What does that hold for the markets and the economy as we move into 2022? To help figure out what to expect next, it’s helpful to first look at where we are.
2021: Year of Review
how it started. Looking back, 2021 proved to be a great year for both the economy and the market. We started 2021 with the pandemic in full swing, as the second wave peaked as the year began. The economy had recovered substantially from the first wave, but it seemed to slow down as the second wave progressed. However, the market had fully recovered and remained largely stable, indicating that everything will be fine as far as they are concerned.
How did it end? As the year ended, the markets proved to be largely correct. The economy continued to recover, with job growth and consumer spending strengthening. Companies were very confident, investing when they could hire and investing when they couldn’t. And earnings rose not only in relative terms, but in absolute terms, leading the markets into a spectacular year as valuations were largely held up — despite fears that rising rates would drag them down.
Will 2022 be a repeat performance?
Similarities. Looking ahead, 2022 looks like it could be a repeat of 2021 – to a lesser extent. As we enter the year, the pandemic is in full swing again, this time with an Omicron wave. The economy has continued its recovery, but we see some weakness again at the start of the year due to the recent wave of the pandemic. However, the market is reassuring and nearing an all-time high, suggesting that all will be well as far as they are concerned. In other words, it’s almost exactly the same paragraph as I just wrote for early 2021—and there’s a reasonable chance the results will be the same. But there will certainly be differences.
Difference. On the medical front, Omicron is much more contagious than previous forms, and the case count is much higher than it was a year ago. It is also looking at the role of vaccination – the rate of which has largely stalled, leaving large parts of the population unvaccinated. On the economic side, the federal stimulus program, which greatly stymied last year’s growth, will not help in 2022. And it seems that not many people are going back into the labor force, and many people are working again. Looking back, 2021 benefited from a number of factors, not the least of which was starting from a very low base, which we don’t have as we start 2022. Looking ahead, 2022 has its advantages.
Short-term medical risk. On the medical side, the number of cases is much higher, but the variant itself appears to be less harmful. New vaccinations have decreased, but the current vaccination population remains high. And for those who do catch the virus, effective treatments are starting to become available, which will further limit the damage. On top of this, there are signs that the Omicron wave may eventually intensify but be smaller than previous waves. There are real risks here, but mostly in the short term, which can further limit losses.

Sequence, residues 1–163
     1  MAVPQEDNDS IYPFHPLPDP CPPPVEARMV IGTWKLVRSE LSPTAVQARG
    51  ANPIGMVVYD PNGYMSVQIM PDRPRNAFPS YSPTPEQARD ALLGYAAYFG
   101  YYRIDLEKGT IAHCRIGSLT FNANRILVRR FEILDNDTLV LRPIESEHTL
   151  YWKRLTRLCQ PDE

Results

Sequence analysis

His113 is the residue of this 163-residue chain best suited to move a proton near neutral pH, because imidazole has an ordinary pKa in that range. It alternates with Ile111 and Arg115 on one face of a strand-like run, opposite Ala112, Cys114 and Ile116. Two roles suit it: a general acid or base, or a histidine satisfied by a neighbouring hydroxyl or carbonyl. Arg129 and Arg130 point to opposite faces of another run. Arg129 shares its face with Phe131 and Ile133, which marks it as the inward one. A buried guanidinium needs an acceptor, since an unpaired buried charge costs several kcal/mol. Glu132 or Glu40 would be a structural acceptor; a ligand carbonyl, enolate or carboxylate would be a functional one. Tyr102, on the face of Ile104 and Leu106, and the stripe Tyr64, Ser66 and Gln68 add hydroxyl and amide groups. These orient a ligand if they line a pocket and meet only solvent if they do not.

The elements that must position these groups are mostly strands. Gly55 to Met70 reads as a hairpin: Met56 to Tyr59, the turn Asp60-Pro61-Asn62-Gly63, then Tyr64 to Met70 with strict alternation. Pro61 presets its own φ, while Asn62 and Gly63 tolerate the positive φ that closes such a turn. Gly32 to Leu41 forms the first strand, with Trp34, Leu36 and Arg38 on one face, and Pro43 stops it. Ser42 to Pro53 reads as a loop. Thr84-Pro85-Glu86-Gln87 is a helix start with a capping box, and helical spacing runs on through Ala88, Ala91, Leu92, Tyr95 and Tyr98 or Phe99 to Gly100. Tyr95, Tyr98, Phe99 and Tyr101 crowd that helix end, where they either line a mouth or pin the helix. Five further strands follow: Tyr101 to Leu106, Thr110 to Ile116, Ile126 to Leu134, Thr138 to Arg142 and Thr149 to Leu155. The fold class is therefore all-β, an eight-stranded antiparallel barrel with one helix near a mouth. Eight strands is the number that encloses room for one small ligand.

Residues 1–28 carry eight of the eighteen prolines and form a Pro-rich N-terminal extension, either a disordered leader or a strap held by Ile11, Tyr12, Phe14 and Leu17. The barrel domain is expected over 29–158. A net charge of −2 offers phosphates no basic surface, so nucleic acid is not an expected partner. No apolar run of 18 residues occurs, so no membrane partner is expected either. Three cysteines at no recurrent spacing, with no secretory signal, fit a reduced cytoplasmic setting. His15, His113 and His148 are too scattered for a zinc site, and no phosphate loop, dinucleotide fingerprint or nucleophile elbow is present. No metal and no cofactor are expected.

Sustainable economic development. The same applies to the economy as well. Yes, federal stimulus programs are not holding back. But that purchasing power has been replaced by something more sustainable, wage income, as both the number of jobs and wages have grown exponentially. The rate of growth may be slowing, but the base is much higher than it was a year ago, providing a strong foundation for continued growth.
Politics and Policy. Even in terms of politics and policy, 2022 has its advantages. Yes, there will be medium term, which will be disruptive. But the debt limit dispute has been deferred. Yes, the Fed will raise rates. But it’s doing so because it sees continued growth ahead, and the markets have largely indicated agreement with the proposed course. Looking back, 2021 has had its share of political and policy disruptions, and even in 2022, they will be no worse (and possibly better) than they were last year.
Market. This is what the market is saying once again. Income growth is likely to continue as the economy grows. As rates rise, valuations will decrease somewhat, but this is a normal part of the economic and market cycle and will likely be more than offset by those higher earnings. And all other risks (medical, political, international) are risks we’ve seen and dealt with before.
get closer to normal
Looking back, early 2021 was a scary time. But despite the roadblocks, things were going well. Looking ahead, the start of 2022 is also a scary time, but it is likely that we will see similar positive results for the full year.
That said, 2022 probably won’t be as strong as 2021 from a market perspective. Last year, we started on a very low basis, both medically and financially, leaving a lot of room for improvement. Now that we are more healed, there is less room for growth. But as we get closer and closer to normal, we should expect growth and markets to return to normal as well. 2021 was a rollercoaster year, with a great payoff for that volatility. 2022 could well be an easier ride, resulting in a more modest—but nonetheless positive—result.